From the Cuban playwright, poet, and second-novelist (Thine is the Kingdom, 1999): a fantastical tale, published last year, that sees art both as a contrast with reality and a retreat from it is the subject.
The protagonist, ironically named Victorio, is a sexually timid gay man in his mid-40s who’s adrift in unfamiliar territory when forced to exit the condemned building in Havana in which he lives alone. Victorio is both sustained and challenged by memories of his late nurturing mother Hortensia and his absent father “Papa Robespierre,” whose ardent commitment to the 1959 Castro Revolution had estranged him from his wife and son—and also of El Moro, a dashing airplane pilot remembered as both indulgent mentor and disturbing sexual presence. Victorio (not quite credibly) bonds with teenaged street prostitute Isabelita (a.k.a. “Salma”), an ingenuous waif who envisions her future as a Hollywood goddess, and with Don Fuco, an elderly vaudevillian who schools them both in theatrical artifice and magic—performed as defiant responses to urban disrepair and public surrender to political exigency and repression. The change that thus overtakes Victorio (who decides “that the theater is the place for him”) is the realization of El Moro’s promise that a beckoning “palace” awaits every disadvantaged dreamer. But Victorio’s joy in performing is short-lived, as police close in on the abandoned theater housing Don Fuco and his minions. Distant Palaces is an allegory of aesthetic choice and commitment. Neither its slack plot nor its fey characters draw much reader empathy, and Estévez’s unaccountable fondness for vacuous declarations (“The only mystery of night is that it holds no mysteries,” etc.) is even more off-putting. The issue of Victorio’s embattled masculinity is intriguing, but it’s swallowed up in eccentricity and ostentation.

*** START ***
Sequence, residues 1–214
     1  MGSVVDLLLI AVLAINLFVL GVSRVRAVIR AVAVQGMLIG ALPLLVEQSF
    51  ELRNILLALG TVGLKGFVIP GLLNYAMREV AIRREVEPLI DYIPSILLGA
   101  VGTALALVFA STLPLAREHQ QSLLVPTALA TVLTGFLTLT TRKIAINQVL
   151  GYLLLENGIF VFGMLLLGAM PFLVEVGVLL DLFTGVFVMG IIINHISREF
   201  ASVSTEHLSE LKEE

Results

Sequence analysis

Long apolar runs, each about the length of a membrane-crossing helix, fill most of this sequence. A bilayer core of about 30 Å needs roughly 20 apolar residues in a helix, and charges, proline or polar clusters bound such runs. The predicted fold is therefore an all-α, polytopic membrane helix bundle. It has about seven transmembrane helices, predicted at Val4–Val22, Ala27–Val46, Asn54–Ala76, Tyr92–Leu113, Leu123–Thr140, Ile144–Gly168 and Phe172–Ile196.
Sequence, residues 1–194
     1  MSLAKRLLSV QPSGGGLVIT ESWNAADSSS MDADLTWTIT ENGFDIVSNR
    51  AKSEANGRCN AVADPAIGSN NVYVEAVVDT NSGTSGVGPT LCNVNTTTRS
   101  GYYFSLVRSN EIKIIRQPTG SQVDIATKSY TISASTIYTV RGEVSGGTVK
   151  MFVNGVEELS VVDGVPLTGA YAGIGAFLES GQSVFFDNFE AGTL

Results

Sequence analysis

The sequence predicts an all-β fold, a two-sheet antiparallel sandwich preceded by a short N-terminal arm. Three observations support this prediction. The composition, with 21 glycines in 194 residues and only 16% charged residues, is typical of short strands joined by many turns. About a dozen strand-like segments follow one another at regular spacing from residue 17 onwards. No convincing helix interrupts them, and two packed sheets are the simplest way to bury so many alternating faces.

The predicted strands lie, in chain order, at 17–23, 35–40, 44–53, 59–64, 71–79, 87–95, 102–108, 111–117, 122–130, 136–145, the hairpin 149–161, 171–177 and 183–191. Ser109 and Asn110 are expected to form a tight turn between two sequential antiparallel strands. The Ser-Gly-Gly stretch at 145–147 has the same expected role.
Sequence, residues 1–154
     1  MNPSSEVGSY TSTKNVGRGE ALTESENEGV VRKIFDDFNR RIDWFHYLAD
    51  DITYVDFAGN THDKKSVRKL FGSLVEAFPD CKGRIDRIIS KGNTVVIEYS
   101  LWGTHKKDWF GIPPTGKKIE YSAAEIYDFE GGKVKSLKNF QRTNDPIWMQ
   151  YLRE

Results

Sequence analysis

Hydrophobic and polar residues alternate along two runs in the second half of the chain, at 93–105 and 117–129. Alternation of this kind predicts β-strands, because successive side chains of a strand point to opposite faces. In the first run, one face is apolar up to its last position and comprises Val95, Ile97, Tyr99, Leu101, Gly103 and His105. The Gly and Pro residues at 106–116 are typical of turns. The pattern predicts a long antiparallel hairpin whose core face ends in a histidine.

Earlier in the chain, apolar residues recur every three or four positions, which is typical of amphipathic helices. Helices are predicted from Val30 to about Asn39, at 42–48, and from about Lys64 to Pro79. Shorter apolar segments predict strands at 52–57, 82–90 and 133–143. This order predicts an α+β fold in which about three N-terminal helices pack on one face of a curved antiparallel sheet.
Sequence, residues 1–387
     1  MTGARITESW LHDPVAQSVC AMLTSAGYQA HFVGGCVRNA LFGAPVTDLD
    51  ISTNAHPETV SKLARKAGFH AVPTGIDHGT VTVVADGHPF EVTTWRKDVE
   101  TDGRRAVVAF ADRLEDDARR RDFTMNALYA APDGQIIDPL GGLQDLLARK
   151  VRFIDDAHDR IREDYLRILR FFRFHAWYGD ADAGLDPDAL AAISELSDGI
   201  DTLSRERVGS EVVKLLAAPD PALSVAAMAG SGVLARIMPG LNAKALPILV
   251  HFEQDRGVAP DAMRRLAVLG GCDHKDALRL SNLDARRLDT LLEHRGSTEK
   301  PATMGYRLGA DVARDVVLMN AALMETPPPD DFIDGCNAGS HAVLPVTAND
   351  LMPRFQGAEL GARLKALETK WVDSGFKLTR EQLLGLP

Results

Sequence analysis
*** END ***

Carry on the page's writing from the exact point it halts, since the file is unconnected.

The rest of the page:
Estévez’s first novel was a winner; his second resembles nothing so much as a very bad Fellini film.